14. Darlington CD (1940) Taxonomic systems and genetic systems. In: Huxley J (ed) The new systematics. Clarendon Press, Oxford, pp 137–160Google Scholar
  15. Darriba D, Taboada GL, Doallo R, Posada D (2012) jModelTest 2: more models, new heuristics and parallel computing. Nat Meth 9:772–772. CrossRefGoogle Scholar
  16. Davison A, Blackie RL, Scothern GP (2009) DNA barcoding of stylommatophoran land snails: a test of existing sequences. Mol Ecol Resour 9:1092–1101. CrossRefPubMedGoogle Scholar
  17. de la Peña E, de Clercq N, Bonte D, Roiloa S, Rodríguez-Echeverría S, Freitas H (2010) Plant-soil feedback as a mechanism of invasion by Carpobrotus edulis. Biol Invasions 12:3637–3648. CrossRefGoogle Scholar
  18. Delipetrou P (2006) Carpobrotus edulis. Accessed 21/11/2016 2016
  19. DiTomaso JM, Kyser GB (2013) Iceplant (Hottentot fig). In: Weed control in natural areas in the western United States. University of California Weed Reseach and Information CenterGoogle Scholar
  20. Donaldson DR, Moore WS, Koehler CS, Joos JL (1978) Scales threaten iceplant in Bay Area. Calif Agric 32:4–7Google Scholar
  21. Fagúndez J, Beiras MB (2007) Plantas invasoras de Galicia: bioloxía, distribución e métodos de control. Dirección Xeral de Conservación da Natureza, Santiago de CompostelaGoogle Scholar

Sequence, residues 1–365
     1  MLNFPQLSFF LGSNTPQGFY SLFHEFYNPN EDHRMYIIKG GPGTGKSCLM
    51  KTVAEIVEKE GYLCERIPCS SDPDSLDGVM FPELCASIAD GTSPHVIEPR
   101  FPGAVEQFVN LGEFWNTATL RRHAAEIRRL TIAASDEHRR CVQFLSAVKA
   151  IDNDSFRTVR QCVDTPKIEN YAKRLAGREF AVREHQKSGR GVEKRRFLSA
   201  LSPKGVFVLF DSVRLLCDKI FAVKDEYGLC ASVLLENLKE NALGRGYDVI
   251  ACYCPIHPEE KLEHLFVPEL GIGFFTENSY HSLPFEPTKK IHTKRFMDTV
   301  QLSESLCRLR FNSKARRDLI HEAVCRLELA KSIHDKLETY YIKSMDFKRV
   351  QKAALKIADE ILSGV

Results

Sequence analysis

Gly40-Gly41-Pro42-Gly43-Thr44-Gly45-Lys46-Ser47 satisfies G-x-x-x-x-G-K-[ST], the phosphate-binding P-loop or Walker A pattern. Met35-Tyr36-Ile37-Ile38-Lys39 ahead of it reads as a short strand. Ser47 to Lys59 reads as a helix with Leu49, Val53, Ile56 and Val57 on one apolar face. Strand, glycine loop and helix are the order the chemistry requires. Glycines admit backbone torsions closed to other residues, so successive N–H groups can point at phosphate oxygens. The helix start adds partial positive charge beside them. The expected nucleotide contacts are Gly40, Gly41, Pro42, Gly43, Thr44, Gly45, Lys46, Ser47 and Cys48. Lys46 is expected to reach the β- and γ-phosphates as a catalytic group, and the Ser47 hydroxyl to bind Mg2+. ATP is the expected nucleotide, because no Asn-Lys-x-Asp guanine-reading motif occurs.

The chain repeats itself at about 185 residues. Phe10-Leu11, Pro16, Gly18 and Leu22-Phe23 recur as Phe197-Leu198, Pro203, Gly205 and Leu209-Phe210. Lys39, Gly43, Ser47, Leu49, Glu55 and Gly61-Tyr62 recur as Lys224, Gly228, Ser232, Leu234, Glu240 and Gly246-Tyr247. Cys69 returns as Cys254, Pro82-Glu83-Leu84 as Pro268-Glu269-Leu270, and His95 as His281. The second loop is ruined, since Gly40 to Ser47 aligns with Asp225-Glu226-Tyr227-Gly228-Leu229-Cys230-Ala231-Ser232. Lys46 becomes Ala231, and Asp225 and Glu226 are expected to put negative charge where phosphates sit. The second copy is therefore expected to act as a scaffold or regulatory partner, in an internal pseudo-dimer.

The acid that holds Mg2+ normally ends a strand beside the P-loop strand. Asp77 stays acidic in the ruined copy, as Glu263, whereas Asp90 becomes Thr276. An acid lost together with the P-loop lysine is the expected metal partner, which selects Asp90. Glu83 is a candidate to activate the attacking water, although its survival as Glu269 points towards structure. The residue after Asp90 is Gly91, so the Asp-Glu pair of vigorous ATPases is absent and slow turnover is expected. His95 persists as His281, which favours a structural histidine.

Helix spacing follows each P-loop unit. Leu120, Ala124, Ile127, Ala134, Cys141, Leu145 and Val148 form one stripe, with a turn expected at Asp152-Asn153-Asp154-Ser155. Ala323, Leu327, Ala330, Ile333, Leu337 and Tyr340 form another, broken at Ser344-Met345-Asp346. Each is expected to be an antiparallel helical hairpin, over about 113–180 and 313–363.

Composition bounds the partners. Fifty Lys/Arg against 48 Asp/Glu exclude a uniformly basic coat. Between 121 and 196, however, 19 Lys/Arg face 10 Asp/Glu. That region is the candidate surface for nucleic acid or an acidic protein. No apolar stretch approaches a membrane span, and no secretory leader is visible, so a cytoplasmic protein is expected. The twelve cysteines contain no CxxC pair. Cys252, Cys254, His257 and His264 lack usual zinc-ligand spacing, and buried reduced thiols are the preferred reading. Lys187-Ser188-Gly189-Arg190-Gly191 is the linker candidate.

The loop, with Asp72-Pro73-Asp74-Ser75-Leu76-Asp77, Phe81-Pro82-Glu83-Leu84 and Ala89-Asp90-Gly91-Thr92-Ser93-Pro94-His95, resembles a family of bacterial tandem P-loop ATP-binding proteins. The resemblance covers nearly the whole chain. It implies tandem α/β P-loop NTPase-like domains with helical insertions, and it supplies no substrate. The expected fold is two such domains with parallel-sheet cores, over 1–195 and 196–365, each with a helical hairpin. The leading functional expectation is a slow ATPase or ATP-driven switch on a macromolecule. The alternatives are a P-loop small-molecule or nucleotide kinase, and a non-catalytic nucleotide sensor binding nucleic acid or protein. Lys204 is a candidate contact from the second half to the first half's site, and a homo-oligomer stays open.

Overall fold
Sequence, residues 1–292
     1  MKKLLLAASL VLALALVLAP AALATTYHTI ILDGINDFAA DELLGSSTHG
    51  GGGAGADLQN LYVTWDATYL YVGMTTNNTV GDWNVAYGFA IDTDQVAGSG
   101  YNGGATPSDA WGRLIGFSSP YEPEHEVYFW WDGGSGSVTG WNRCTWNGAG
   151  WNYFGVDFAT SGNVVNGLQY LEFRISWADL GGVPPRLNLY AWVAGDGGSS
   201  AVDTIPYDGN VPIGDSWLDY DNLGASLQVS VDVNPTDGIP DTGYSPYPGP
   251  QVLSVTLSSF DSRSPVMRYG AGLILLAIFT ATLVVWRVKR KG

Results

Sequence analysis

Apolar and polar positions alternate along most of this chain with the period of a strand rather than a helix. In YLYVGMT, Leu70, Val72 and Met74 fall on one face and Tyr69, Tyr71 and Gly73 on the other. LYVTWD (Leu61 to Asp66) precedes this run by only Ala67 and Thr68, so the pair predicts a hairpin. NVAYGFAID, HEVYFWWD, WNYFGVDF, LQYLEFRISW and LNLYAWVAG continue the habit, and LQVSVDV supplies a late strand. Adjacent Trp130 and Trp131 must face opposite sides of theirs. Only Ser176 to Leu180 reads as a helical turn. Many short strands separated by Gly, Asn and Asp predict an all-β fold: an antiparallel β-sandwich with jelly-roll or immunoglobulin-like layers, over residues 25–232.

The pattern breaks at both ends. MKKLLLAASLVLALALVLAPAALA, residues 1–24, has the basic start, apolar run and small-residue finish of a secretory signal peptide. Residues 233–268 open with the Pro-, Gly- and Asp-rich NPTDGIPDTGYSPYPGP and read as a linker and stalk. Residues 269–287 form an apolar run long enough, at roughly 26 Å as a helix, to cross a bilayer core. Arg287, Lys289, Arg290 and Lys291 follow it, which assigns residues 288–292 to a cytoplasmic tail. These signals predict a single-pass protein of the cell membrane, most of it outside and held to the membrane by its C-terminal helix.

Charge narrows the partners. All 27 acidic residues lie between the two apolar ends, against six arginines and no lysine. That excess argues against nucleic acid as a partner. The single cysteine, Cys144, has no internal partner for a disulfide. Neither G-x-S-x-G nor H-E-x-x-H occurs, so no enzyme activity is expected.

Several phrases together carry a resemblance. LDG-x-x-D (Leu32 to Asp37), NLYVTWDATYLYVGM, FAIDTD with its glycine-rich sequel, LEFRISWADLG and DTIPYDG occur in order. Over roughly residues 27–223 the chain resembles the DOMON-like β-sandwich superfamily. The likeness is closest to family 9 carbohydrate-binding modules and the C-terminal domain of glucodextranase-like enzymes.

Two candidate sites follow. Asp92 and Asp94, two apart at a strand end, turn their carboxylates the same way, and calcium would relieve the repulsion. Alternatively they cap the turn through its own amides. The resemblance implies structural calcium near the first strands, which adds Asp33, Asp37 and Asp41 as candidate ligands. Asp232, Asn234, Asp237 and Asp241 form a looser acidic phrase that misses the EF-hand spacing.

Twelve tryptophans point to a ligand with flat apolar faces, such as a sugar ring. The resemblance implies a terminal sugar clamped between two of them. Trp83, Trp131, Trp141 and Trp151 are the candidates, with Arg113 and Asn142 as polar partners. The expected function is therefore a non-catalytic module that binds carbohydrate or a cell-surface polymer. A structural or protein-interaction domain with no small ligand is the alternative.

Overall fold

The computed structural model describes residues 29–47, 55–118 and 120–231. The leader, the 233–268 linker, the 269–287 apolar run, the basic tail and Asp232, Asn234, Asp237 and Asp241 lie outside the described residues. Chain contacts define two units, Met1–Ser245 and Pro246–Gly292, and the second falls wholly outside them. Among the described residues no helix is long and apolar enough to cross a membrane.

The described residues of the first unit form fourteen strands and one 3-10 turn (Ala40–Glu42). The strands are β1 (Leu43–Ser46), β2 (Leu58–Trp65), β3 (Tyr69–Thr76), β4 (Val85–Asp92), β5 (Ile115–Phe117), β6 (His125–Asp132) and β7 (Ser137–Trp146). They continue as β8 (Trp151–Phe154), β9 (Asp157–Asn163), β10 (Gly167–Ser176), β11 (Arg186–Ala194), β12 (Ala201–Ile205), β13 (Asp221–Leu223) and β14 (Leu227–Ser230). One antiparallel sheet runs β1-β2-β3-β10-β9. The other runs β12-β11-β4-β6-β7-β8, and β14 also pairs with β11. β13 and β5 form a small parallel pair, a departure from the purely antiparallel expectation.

22. Gaskin JF et al (2011) Applying molecular-based approaches to classical biological control of weeds. Biol Control 58:1–21. CrossRefGoogle Scholar
  23. Gómez-Menor Ortega J (1954) Adiciones a los Cóccidos de España (tercera nota). CSIC - Instituto Español de Entomología, Consejo Superior de Investigaciones Científicas (España)Google Scholar
  24. Granara de Willink M, Claps L (2003) Cochinillas (Hemiptera: Coccoidea) presentes en plantas ornamentales de la Argentina. Neotrop Entomol 32:625–637CrossRefGoogle Scholar
  25. Gruwell ME, Morse GE, Normark BB (2007) Phylogenetic congruence of armored scale insects (Hemiptera: Diaspididae) and their primary endosymbionts from the phylum Bacteroidetes. Mol Phylogenet Evol 44:267–280. CrossRefPubMedGoogle Scholar
  26. Guindon S, Gascuel O (2003) A simple, fast, and accurate algorithm to estimate large phylogenies by maximum likelihood. Syst Biol 52:696–704CrossRefGoogle Scholar
  27. Guindon S, Dufayard JF, Lefort V, Anisimova M, Hordijk W, Gascuel O (2010) New algorithms and methods to estimate maximum-likelihood phylogenies: assessing the performance of PhyML 3.0. Syst Biol 59:307–321CrossRefGoogle Scholar
  28. Gwiazdowski RA, Normark BB (2014) An unidentified parasitoid community (Chalcidoidea) is associated with pine-feeding Chionaspis Scale Insects (Hemiptera: Diaspididae). Ann Entomol Soc Am 107(2):356–363CrossRefGoogle Scholar
  29. Hajibabaei M, Janzen DH, Burns JM, Hallwachs W, Hebert PD (2006) DNA barcodes distinguish species of tropical Lepidoptera. Proc Natl Acad Sci USA 103:968–971. CrossRefPubMedGoogle Scholar
  30. Hall TA (1999) BioEdit: a user-friendly biological sequence alignment editor and analysis program for Windows 95/98/NT. Nucleic Acids Symp Ser 41:95–98Google Scholar